Was introducing default methods to java inevitable? As far as I know multiple class inheritance was not introduced to avoid difficulties with the method signature clash in base classes.

So we avoided it with classes and on the other hand we introduce this problem with default methods as we have to override default method if it exists with the same signature in two or more interfaces that we implement.

Is the cost of updating old systems to newer versions of interfaces without using default methods greater than cost of using language with garbage in its syntax?


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The reason that default methods were introduced was that without them, it's impossible to add new methods to an interface and maintain backwards compatibility. As explained here:

Default methods enable you to add new functionality to the interfaces of your libraries and ensure binary compatibility with code written for older versions of those interfaces.

They were introduced in Java 8 along with the stream APIs. Looking at the default methods that were added to Collection, it starts to become clear. The addition of the streaming methods such as stream, parallelStream, and spliterator would break every existing Collection implementation outside of the JDK.

This is clearly the primary driver of the addition. I think the worries around them have proven to be unwarranted. There is no ambiguity in the spec around how clashes are handled. They also have some nice features aside from the above. For example, there's no longer a need to implement a remove method in an Iterator implementation because it has a default implementation.

So to the point of your question which I initially failed to answer:

Is the cost of updating old systems to newer versions of interfaces without using default methods greater than cost of using language with garbage in its syntax?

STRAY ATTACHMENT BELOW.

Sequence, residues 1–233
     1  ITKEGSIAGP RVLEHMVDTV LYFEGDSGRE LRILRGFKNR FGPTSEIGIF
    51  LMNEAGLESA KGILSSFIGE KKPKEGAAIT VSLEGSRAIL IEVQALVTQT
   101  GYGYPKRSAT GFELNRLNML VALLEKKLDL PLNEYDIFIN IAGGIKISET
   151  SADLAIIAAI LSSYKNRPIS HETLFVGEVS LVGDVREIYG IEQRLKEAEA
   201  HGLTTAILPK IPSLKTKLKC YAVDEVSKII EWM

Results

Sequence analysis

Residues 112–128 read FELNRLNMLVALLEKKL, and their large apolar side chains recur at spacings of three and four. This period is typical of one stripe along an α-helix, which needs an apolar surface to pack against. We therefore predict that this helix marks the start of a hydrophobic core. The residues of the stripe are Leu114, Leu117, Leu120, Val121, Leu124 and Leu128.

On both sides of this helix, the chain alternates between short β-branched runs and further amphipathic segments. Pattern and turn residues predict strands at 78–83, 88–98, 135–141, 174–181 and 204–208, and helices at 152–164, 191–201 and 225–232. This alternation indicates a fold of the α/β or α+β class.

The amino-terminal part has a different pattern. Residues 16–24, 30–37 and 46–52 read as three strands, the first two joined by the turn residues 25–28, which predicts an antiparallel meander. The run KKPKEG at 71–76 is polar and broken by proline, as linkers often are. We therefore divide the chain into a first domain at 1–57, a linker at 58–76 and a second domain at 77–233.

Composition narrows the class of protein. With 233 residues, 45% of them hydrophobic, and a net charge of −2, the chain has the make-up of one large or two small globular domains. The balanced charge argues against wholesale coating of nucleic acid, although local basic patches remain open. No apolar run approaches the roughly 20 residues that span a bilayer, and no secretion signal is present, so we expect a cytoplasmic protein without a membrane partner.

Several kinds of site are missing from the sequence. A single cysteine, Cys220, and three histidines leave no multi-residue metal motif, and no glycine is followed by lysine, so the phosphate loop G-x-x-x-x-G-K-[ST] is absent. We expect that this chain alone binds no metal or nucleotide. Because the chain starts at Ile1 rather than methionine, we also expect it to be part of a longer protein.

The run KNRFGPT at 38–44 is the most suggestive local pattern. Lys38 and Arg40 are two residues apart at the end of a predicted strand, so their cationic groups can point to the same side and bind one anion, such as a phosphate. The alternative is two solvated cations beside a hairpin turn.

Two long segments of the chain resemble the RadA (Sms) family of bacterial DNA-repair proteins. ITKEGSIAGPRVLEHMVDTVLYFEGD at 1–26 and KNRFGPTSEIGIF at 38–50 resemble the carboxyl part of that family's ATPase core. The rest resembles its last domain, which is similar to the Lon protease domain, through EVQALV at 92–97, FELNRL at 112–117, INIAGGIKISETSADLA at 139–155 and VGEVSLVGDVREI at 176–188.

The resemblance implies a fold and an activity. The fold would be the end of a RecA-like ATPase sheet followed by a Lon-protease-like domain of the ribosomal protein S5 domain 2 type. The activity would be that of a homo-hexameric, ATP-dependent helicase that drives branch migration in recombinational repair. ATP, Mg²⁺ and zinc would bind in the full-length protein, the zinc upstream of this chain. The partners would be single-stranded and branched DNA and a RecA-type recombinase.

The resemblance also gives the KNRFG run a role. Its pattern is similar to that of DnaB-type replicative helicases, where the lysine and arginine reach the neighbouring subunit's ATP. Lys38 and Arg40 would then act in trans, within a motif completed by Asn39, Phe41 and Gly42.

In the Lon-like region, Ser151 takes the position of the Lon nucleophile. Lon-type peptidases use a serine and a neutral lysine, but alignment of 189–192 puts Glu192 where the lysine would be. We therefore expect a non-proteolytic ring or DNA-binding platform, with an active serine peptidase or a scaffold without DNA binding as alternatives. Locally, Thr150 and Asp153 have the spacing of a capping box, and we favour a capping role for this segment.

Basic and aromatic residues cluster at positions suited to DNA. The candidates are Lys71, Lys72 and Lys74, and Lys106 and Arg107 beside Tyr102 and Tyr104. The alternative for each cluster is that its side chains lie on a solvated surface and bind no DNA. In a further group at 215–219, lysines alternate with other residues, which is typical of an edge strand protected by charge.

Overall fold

So whether default methods are 'garbage' is highly subjective but the first part is answerable. The Collection interface is one of the most implemented interfaces in Java code. There is a truly immense amount of code that would need to be updated if a non-backwards-compatible changes were made to it. The cost seems immeasurable and I think the result would be that a lot of Java code would never be able to run on 1.8 or better given it's history of backwards-compatibility.

We could ask whether new features such as this could be added in another way, such as by using wrappers. Perhaps but such an approach tends to be unwieldy and create a lot of extra code. In the years since this was introduced, I've seen no evidence that it has caused any significant issues.

  • Thank you for this comment. It made me aware how immense amount of work would be needed to adjust everything to new methods in interfaces. Maybe my initial question should be "Is there some other reason for disallowing multiple class inheritance than method signature clashes in base classes". If not then I think it is inconsistency to disallow this in classes and allow in interfaces and I do not see a reason to keep it disallowed for class case.
    – bridgemnc
    Nov 13, 2020 at 18:42
  • 2
    @bridgemnc It's valid to ask why, if we think it's OK in interfaces, why not in classes? It's important though to be clear that what you can do with default methods in interfaces is quite limited. Firstly, you cannot directly access object state in a default method. You can reference other methods within the interface and these are always ultimately controlled by the (single) implementing class. I think this limited scope is a smart design and why this has not created challenges. You can't really impose those constraints on classes without some fundamental language changes.
    – JimmyJames
    Nov 13, 2020 at 19:02

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